Some 41 other prison industry programs across the nation turned a profit in 1992-93. California's PIA lost $1.4 million on sales of $128.6 million. Florida, Texas, and North Carolina have the largest prison industries outside of California and compete with private businesses in the marketplace. Florida's PRIDE (Prison Rehabilitative Industries & Diversified Enterprises) program is a private, nonprofit corporation created by the Legislature in 1981. Unlike PIA, PRIDE doesn't employ civil servants.
PRIDE netted $4 million on gross sales of $77.6 million in 1994, and spent $635,000 assisting paroled prisoners. Just 18% of PRIDE alumni return to custody. PIA spends virtually nothing to help parolees, and the recidivism rate in California is over 75%.
Although the Texas Industries Division is prohibited from making money on 30% of its output, the program has turned a profit every year since its inception in 1963. TID employs 7,500 prisoners from a prison population of 94,000. California's PIA uses only 6,800 prisoners out of a 130,000 total. North Carolina's prison industry made $5.4 million on sales of $51.2 million in 1994. But, PIA has lost money five out of the twelve years it's existed. And, of these four states, only California requires government agencies, schools, libraries, and hospitals to buy prison made goods.
From furniture to eyeglasses, PIA manufactured wares are poorly made, overpriced, and often delivered months late. Don Green, purchasing agent for California State Polytechnic University, Pomona, needed chairs for the new computer lab. He could have bought them from a local retailer for about $58 each. However, California law forced him to order the furniture from the prison manufacturing empire. He waited a year for delivery, and paid twice the retail price. In 1994, state entities chose from 110 product lines and 2,000 items in the slickly printed PIA catalog, spending $135 million on prison made goods. The only ones who seem happy with the status quo are the civil service shop foremen, supervisors, salespeople, and administrators who make an average of $44,000 a year, much more than they could earn for similar jobs in the real world.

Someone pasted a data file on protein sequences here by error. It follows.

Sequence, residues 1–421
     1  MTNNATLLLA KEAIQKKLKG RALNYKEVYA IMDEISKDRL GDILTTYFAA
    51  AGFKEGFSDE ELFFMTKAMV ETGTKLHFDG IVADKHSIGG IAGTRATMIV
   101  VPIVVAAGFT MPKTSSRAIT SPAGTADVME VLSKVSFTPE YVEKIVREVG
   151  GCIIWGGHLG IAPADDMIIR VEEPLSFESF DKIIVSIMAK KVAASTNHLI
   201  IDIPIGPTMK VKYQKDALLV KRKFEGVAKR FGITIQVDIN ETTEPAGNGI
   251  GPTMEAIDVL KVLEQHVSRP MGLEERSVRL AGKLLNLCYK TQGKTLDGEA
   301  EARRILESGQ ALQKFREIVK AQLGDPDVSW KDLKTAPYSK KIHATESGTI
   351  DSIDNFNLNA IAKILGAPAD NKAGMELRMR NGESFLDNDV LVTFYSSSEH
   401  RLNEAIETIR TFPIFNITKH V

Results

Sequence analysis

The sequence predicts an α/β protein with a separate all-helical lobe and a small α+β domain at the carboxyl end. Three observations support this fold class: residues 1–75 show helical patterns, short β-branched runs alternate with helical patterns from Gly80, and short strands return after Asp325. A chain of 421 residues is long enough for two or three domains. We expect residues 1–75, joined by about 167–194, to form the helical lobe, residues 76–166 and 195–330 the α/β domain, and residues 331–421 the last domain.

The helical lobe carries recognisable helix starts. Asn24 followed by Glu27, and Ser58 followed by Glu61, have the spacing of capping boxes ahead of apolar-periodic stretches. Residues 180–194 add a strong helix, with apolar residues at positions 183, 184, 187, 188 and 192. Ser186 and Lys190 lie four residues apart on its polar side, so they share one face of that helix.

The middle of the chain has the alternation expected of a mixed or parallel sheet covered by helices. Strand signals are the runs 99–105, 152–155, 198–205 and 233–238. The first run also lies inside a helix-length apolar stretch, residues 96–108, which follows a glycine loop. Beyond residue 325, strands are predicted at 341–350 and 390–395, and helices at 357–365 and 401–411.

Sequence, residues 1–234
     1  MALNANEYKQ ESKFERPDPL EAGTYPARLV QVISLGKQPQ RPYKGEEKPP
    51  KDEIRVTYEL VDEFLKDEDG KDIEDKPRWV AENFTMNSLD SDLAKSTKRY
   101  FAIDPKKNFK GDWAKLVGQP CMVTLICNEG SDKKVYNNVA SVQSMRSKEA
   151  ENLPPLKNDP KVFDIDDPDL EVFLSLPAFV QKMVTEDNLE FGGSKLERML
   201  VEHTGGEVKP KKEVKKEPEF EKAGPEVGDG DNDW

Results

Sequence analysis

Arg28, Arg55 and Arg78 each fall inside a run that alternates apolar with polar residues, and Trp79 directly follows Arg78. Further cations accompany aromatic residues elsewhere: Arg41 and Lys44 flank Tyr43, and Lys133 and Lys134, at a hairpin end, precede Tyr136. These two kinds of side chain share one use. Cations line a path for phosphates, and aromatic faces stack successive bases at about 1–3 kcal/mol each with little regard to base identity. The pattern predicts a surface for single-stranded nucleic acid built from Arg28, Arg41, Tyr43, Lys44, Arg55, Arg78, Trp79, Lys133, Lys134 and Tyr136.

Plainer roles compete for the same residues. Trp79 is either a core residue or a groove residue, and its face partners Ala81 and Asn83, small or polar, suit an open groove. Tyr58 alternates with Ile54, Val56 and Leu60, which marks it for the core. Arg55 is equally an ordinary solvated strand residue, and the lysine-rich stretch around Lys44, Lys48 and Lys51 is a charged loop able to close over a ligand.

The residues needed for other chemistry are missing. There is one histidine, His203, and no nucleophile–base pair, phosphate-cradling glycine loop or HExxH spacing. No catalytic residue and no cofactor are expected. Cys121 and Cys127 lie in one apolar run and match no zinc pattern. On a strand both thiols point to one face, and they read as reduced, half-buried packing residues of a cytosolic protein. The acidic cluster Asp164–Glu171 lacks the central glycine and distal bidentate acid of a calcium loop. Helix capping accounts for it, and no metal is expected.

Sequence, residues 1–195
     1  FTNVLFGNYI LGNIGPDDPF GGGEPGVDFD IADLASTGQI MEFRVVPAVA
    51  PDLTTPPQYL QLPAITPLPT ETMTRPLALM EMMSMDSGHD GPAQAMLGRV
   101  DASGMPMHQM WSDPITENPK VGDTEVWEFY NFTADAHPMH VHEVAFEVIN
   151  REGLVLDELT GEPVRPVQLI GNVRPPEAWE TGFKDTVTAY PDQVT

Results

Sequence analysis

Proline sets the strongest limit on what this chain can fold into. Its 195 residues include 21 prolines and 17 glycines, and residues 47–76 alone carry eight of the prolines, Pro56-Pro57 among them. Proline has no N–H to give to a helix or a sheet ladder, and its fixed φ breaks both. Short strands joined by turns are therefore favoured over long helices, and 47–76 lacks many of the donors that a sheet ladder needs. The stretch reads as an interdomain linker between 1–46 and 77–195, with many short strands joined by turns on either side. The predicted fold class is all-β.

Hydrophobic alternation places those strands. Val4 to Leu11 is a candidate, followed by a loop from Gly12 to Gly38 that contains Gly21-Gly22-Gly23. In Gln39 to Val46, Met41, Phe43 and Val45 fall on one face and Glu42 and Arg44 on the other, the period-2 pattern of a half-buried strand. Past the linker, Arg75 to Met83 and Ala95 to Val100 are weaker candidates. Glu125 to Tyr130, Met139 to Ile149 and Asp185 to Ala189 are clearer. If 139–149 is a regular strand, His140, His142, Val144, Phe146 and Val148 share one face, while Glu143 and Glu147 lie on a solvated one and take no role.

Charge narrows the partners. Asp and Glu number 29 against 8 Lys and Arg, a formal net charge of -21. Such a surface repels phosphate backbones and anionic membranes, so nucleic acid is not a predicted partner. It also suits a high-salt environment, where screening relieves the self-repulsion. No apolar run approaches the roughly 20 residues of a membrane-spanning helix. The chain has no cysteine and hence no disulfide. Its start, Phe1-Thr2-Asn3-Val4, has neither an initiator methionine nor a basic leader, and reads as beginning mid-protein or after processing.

"It's a joke, absolutely, positively a joke. And everybody covers everybody's ass," said Leonard Greenstone, the lone dissident on the Prison Authority Board, in a recent Orange County Register interview. A black vocational instructor who didn't want to be identified for fear of retaliation described gross program mismanagement. "When I worked for PIA, my shop turned a profit. Pretty soon, I was warned to cut back on production. They told me it made the other supervisors look bad." Private business people think the law forbidding state agencies and other divisions from purchasing commodities on the open market should be abolished.
"It's like the factory system under communist rule. The workers and supervisors got paid whether their products sold or not. There was no reason for them to build quality merchandise because they had no competition," said Joe Harrington, retired Longshoreman, from Costa Mesa, California. The California Constitution forbids prisons from competing with private enterprise. Yet, that's exactly what they're doing. "The complaints we hear are that (PIA) is in direct competition with California business. You can't deny that," Lynn Wright, Governor Pete Wilson's government purchasing expert conceded. The competition isn't quite fair because PIA has a protected market.